Hand Stand – Adho Mukha Vrksasana
Handstand is another inversion, that takes a lot of focus and concentration. It also improves body circulation, and is sometimes seen to relieve headaches. It is energizing, and great for balance, strength, and flexibility. You work your biceps, triceps, and core, as you engage your entire body.
Crow Pose – Bakasana
Sometimes Crow Pose is also referred to as Kakasana, but I learned it as Bakasana. Crow Pose takes bicep and tricep strength, but overall, it takes more focus, concentrate, and BALANCE. Balance is the key to this pose. Crow is very empowering and that engages your entire body. You need a strong core to hold Crow for any length of time. Side note: I never thought I would be able to do Crow Pose. I conditioned with many side planks and push up holds, and one day I did it! NEVER give up, this is completely attainable!
Wind Release Pose – Pawanmuktasana
I often refer to this pose as Knees To Chest. This pose is a great way to release tension from your lower back. It engages your arms and shoulders as you hold your knees into your body. A gentle rocking of the spine can feel really nice here, letting the small movements come naturally and move fluidly. Hence this name, this pose is very helpful if you are feeling gassy or bloated. This pose relieves pressure from the abdominal region, and allows the lower back the lengthen. Bringing your Knees to Chest gives you a sense of stability and security, and also improves circulation.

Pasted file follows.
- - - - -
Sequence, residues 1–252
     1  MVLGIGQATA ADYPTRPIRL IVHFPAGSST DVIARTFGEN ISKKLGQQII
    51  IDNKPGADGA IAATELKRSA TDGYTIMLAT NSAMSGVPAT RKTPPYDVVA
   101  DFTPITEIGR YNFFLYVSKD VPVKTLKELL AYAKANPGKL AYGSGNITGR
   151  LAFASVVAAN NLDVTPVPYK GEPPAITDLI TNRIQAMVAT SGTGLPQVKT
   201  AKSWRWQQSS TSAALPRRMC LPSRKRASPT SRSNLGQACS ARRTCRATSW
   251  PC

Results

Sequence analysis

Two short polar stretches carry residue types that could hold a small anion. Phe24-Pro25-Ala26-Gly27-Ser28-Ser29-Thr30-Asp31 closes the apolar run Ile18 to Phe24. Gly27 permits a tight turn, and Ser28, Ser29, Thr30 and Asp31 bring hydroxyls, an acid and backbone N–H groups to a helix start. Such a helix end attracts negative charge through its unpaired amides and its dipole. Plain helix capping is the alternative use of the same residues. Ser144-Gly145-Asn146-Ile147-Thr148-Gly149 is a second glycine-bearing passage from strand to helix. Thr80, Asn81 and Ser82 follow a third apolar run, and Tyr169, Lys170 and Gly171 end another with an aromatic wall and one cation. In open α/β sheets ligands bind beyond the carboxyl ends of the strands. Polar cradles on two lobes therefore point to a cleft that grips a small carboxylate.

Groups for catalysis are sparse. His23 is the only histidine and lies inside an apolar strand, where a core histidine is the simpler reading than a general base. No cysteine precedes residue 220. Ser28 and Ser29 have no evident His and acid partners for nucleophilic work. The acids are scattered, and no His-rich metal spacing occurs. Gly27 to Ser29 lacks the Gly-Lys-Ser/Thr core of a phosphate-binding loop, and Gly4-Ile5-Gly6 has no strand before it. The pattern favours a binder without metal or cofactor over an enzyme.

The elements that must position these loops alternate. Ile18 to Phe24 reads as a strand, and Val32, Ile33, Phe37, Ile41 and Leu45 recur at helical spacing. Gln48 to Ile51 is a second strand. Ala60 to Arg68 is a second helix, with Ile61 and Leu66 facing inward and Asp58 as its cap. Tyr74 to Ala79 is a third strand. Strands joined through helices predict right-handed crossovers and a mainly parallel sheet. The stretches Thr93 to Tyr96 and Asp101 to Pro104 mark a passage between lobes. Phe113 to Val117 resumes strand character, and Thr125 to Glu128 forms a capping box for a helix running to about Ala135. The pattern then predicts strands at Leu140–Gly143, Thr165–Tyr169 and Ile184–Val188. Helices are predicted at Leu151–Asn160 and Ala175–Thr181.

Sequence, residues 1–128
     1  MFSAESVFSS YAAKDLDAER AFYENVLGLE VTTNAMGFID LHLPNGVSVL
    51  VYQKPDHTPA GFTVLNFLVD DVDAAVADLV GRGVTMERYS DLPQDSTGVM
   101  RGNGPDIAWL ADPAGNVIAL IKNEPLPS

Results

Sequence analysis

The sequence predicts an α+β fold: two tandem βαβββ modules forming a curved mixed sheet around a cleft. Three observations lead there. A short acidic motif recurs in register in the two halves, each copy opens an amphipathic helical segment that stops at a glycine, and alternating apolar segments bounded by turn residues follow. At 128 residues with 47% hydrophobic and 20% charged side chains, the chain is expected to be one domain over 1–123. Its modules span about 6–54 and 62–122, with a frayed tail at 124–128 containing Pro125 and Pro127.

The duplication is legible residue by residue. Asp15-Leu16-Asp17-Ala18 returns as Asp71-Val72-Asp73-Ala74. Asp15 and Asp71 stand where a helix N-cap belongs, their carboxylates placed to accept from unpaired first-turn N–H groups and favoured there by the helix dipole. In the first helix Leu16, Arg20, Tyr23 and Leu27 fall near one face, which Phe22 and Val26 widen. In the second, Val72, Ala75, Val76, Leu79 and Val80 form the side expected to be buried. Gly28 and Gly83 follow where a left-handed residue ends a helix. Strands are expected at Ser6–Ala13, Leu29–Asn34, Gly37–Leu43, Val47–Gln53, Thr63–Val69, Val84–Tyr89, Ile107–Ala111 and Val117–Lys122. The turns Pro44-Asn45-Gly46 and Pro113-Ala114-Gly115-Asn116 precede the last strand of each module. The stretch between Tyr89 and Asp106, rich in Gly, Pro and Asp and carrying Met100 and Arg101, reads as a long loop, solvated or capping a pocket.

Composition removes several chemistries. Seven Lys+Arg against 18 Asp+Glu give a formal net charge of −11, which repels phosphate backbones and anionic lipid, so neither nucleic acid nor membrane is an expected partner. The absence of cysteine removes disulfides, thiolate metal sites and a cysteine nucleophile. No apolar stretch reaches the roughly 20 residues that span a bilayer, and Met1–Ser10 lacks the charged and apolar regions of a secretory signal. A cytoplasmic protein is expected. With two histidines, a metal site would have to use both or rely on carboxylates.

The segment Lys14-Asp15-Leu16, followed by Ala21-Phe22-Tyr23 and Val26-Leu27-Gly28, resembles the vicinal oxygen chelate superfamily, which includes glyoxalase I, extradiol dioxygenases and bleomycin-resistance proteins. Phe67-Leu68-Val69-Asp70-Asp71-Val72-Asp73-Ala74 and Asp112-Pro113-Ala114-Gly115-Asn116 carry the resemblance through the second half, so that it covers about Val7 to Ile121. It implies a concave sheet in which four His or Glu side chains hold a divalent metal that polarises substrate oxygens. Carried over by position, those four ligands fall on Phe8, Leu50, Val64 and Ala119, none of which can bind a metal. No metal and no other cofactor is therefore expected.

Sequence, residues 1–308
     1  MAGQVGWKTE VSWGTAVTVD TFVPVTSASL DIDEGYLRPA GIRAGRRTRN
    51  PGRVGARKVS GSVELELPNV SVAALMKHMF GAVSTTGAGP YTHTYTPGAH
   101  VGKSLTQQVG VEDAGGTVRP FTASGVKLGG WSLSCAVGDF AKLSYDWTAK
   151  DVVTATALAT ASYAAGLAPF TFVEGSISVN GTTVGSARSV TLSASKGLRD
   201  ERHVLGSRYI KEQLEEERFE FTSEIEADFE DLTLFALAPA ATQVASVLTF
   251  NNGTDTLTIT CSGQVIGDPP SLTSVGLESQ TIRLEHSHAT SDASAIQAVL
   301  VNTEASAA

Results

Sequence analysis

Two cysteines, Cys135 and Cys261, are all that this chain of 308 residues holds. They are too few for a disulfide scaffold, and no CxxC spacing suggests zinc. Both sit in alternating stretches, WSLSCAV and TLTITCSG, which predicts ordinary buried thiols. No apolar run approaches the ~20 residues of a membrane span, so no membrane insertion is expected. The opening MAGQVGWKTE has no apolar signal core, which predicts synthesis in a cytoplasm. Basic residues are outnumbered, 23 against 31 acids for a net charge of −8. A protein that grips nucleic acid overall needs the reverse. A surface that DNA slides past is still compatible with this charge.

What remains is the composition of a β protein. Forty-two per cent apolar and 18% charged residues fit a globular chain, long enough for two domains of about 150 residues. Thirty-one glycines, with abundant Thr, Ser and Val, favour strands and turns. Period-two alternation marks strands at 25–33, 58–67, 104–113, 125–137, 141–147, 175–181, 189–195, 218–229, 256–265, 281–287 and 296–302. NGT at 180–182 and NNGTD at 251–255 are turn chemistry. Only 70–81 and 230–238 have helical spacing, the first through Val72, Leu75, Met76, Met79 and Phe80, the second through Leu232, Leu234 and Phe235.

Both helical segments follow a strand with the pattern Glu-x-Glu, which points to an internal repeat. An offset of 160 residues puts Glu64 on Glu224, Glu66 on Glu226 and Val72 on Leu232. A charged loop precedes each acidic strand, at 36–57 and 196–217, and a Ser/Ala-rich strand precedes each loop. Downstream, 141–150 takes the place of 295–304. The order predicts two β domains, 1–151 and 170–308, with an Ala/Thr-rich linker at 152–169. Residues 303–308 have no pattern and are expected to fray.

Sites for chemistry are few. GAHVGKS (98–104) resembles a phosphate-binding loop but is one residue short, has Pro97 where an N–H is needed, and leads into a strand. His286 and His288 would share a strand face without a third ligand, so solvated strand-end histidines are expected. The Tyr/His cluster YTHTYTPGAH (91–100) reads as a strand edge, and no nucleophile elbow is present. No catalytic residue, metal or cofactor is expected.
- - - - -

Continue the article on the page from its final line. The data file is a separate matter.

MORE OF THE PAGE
Happy Baby – Ananda Balasana
Happy Baby gently opens the hips and shoulders, and helps lengthen the spine. This pose is another one that feels really nice to rock back and forth in, giving your spine a little massage. This is a great place to relieve lower back or shoulder tension. Happy Baby is often times a good pose to gets any last wiggles are before Shavasana.
Reclining Bound Angle Pose – Supta Baddha Konasana
Benefit number one is that the Sanskirt name for this post is REALLY fun to say, it’s my favorite. This pose opens your hips and relieves tension from the lower back. It is sometimes easy to feel you are too deep into this pose, so putting blocks, blankets, or pillows underneath your thighs may be a good option. Reclining Bound Angle Pose stretches out your groin and expands your inner thighs. It can also help soothe after a birth or miscarriage, as it increases circulation in the reproductive organs. This pose can also help relieve cramping and bloating.
Corpse Pose – Savasana
And finally, Savasana. This is a place to rest after exerting a lot of your energy to the yoga practice you just engaged in. This pose allows you to let go on any tension you are holding, and is a great place for pranayama (breath work.) This pose helps relieve low back pressure and promotes proper alignment. It allows you to just be in tune with how your body is, and how it is feeling. This is a pose for reflection.